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Mariam, a happy, sophisticated 27-year-old who speaks six languages, is on the verge of making her dream come true. This December, she will graduate from college. While completing a university degree is a dream for many young Americans, Mariam’s journey to this point is the stuff of nightmares.

Just four years ago, she spent eight months as a prisoner in a windowless room in Mali for refusing to marry a man older than her father and infected with HIV.

Kursten Phelps, Managing Attorney at Tahirih’s office in Greater DC, was charged with ensuring that Mariam would never again face death at the hands of her family in Mali.

“In Mariam’s case, she had just turned 16 when her father told her she had been promised to a wealthy man from Mali,” said Kursten.

“She knew that if she was forced to go through with the marriage, she would never be allowed to go to school and achieve her dream of higher education,” Kursten said, “so she secretly applied to a university in the U.S. and was accepted.”

She was permitted to go on the condition that she’d return to Mali to marry her much older fiancé at the time of her father’s choosing. When she returned for winter break, her father decided that time would be now.

Desperate for a way out, she told her uncles she was no longer a virgin. The result?

They beat her savagely and imprisoned her in a room with no toilet or windows, only a hole for food.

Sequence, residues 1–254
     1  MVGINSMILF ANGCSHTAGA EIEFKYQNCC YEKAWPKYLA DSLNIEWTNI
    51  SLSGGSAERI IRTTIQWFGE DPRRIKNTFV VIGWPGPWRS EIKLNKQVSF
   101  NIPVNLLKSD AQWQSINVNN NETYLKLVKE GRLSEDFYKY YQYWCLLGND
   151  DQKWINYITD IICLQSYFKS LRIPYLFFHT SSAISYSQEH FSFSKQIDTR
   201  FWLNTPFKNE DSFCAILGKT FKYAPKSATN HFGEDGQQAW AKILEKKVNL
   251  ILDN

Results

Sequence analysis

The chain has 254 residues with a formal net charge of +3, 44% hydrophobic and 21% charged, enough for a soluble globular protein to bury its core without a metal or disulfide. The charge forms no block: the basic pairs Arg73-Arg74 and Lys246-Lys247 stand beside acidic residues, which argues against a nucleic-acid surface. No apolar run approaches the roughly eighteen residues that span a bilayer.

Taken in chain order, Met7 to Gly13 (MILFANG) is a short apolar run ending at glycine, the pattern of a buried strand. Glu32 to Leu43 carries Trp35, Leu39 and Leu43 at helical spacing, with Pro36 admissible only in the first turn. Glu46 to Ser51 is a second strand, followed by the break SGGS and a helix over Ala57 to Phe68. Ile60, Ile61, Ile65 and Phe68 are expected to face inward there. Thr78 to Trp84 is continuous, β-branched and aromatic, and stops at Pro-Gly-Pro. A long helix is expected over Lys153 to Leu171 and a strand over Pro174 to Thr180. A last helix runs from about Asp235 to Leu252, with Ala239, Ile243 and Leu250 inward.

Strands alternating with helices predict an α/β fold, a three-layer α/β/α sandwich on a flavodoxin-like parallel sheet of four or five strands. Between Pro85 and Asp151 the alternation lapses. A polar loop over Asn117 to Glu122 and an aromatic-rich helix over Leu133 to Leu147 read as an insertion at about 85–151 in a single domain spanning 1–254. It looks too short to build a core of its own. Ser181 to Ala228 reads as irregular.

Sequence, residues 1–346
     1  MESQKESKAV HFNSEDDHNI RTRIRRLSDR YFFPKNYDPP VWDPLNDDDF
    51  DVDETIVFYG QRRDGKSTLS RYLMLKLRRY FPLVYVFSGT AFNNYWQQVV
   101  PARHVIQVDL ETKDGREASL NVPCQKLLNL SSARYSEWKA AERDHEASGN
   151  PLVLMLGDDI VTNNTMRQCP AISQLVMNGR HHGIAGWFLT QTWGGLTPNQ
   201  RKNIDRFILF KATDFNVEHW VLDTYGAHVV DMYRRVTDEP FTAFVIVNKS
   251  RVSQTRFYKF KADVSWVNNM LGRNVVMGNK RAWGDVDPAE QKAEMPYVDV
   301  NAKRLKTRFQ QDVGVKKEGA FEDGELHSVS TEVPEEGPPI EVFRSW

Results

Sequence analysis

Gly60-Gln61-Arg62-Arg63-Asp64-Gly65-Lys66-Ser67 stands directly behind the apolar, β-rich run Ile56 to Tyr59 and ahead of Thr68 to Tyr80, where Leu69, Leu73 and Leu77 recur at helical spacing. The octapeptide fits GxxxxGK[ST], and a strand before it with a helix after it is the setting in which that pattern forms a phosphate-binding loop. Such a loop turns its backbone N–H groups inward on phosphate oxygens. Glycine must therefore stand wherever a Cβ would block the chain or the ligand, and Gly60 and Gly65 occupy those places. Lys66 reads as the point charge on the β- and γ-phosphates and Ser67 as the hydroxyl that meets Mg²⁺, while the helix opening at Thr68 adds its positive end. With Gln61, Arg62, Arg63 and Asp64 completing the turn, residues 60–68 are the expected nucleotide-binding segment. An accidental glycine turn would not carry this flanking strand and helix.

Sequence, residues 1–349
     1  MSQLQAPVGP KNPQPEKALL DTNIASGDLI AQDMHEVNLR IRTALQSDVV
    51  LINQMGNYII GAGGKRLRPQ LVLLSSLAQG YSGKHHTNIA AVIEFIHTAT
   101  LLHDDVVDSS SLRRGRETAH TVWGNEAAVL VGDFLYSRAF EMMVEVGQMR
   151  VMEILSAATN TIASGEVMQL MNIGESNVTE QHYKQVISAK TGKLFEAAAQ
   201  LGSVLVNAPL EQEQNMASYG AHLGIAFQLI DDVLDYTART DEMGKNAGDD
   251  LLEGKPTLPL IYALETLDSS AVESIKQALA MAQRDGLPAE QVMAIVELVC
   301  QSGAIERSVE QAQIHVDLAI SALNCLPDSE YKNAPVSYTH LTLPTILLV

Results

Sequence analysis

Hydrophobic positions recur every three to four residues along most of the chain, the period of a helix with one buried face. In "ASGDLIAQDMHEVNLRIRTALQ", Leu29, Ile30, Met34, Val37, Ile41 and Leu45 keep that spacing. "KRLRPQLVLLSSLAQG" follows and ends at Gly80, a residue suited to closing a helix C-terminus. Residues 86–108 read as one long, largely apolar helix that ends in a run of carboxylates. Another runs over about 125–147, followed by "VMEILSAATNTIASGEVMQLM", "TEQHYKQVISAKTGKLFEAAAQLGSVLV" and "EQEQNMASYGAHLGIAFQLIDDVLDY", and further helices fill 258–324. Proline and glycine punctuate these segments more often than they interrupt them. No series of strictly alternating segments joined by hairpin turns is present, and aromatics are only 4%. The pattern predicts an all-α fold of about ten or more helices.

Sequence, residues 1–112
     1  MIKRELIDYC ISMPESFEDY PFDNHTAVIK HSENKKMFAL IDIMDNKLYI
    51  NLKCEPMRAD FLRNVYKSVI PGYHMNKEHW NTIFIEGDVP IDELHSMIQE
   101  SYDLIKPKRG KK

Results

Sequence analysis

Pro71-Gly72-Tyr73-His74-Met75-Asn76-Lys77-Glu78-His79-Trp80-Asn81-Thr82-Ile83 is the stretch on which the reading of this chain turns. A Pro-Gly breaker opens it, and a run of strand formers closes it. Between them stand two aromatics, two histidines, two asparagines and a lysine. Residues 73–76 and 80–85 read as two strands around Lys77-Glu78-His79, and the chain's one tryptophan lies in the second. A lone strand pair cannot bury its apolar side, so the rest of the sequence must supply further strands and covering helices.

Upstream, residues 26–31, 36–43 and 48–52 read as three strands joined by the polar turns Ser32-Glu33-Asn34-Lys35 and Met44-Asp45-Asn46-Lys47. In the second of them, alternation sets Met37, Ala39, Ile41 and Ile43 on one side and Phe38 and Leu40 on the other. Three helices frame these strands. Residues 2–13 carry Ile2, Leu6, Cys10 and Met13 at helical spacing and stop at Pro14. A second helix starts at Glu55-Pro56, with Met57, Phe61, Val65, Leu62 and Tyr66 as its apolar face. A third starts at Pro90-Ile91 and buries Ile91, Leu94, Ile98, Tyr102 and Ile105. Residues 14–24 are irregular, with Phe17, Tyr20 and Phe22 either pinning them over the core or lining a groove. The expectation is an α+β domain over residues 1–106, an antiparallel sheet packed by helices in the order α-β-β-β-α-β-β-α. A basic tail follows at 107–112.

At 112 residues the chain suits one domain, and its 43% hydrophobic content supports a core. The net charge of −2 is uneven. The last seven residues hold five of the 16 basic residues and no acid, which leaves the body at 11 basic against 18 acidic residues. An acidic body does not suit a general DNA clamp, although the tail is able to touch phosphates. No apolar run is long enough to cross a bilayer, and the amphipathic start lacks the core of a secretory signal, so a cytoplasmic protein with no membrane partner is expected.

“It’s awful to imagine that level of suffering, to know that if she died, they wouldn’t care,” Kursten said.

Mariam languished there for eight long months in the dark, her dreams, shattered. Finally, when Mariam’s uncles went away on a trip, her mother and sister rescued her. She fled to the U.S., where she ended up in Kursten’s office, desperately seeking help.

Kursten won asylum for her Mariam, establishing that she would risk death if forced to return to Mali.

“When I first met Mariam, the first thing that came to mind was that she was tough as nails… she’d had to be to overcome everything she had been through. The second thing was how very tired she was from fighting the battle of her life,” Kursten said of her client.

“I’ll never forget the day Mariam received her asylum approval letter in the mail. She couldn’t believe it had finally happened. ‘It doesn’t even feel real,’ she told me. Her nightmare was finally over.”

Now, like many college students, Mariam lives with a roommate and is making plans for her life after graduation. She is studying agribusiness and hopes eventually pursue an MBA.

Each day she continues to live the dream that, from the floor of a neglected storage room in Mali, seemed impossible.

But the sad reality? We are only able to help one in four girls like Mariam…

With your help, we can change the future for so many more! Your gift to Tahirih will mean that we can hire and partner with more attorneys like Kursten who can help brave women like Mariam achieve justice. Together, we will help them move past the nightmare of violence and pursue their dreams — we’ve never needed your help more than right now. Please donate today.